The Way it Works
When a block stores the new data added to the Blockchain, as its name suggests, it consists of several blocks chained together. For a block to be added to the Blockchain, four things must happen:
- A transaction must occur. Let’s continue with the example of your impulsive purchase. That time when you chose to pay without thinking, going against your best interests.
- The transaction must be verified. After making that purchase, the transaction must be verified. With other public records information such as the National Securities Commission, Wikipedia, or your local library, there is someone in charge of researching new background data entries. With Blockchain, however, that work is left to a computer network. When buying from Amazon, it rushes to the computer network to verify that your transaction occurred in the way you said it did. I.e., the purchase details are confirmed, including the time of the transaction, amount paid, and people involved.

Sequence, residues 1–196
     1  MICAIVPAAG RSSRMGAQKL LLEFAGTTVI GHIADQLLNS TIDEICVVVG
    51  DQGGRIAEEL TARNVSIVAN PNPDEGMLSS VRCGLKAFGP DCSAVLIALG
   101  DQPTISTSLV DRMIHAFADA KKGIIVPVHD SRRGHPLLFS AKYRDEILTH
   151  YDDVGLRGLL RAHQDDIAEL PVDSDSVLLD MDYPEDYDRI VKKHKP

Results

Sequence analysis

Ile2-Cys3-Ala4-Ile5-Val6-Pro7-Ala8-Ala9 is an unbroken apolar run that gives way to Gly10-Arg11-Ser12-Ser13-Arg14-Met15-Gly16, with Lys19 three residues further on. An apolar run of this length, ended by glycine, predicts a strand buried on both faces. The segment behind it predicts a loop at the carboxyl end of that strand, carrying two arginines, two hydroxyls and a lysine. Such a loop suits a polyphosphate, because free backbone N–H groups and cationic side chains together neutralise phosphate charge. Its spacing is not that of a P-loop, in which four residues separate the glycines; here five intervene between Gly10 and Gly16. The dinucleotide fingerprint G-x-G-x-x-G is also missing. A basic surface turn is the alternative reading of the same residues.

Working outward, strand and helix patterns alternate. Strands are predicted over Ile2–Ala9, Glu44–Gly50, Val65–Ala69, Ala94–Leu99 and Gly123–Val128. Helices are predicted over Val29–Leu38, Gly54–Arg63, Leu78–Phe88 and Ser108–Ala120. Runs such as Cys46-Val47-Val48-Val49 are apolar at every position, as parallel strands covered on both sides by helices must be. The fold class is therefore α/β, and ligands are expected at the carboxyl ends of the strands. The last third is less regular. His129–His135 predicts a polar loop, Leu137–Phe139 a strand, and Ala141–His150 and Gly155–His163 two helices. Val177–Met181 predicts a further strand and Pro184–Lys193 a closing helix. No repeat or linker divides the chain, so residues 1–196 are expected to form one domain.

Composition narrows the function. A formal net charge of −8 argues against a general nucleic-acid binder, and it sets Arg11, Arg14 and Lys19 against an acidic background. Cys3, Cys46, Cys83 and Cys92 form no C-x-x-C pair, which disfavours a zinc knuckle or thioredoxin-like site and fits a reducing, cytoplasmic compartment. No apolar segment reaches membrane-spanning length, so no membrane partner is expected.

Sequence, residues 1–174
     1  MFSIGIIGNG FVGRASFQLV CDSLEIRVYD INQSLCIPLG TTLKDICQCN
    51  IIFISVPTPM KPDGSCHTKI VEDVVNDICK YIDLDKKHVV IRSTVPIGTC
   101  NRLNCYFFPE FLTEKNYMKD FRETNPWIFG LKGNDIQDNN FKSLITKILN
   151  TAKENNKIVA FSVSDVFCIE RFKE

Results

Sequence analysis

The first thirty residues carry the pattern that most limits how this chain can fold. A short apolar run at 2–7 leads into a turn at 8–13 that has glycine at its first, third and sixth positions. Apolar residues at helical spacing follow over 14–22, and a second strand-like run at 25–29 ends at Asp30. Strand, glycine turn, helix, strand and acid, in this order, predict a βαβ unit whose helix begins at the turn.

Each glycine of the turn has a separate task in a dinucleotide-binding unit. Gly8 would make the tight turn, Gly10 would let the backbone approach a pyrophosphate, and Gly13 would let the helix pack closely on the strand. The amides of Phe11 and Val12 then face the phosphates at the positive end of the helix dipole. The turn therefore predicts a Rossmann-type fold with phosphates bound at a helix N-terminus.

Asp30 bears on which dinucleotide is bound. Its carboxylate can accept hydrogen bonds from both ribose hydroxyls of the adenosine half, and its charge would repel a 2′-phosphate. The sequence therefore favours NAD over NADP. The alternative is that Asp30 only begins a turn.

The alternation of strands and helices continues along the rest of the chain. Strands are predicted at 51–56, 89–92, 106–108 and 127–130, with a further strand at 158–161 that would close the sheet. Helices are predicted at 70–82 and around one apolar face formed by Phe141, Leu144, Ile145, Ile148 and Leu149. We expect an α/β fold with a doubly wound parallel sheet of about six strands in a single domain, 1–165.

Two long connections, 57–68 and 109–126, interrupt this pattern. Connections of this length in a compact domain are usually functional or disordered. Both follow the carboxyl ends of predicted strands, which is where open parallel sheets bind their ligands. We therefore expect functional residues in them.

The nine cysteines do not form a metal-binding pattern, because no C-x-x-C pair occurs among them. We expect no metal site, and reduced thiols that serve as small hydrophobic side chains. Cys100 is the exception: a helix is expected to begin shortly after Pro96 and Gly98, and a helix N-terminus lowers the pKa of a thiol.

- The transaction must be stored in a block. After your transaction has been accurately verified, it will give the green light. The amount of the transaction, the digital signature, and the company’s digital signature are then stored in a block. There, the transaction is likely to join hundreds or thousands of others like it.
- The block should receive a hash. Not unlike an angel earning his wings, once all transactions of a block have been verified, you should be given a unique identification code called a hash. The block also receives the most recently added hash block to the Blockchain. Once it has the hash, the block can be added to the Blockchain.
When a new block is added to the Blockchain, it will be made available to the public for anyone to see, even for you. If you check out the Bitcoin Blockchain, you will see that you have complete access to the transaction data, along with information about when (“Time”), where ( “Place”), and who ( “relayed by” ) was added to the block in the Blockchain.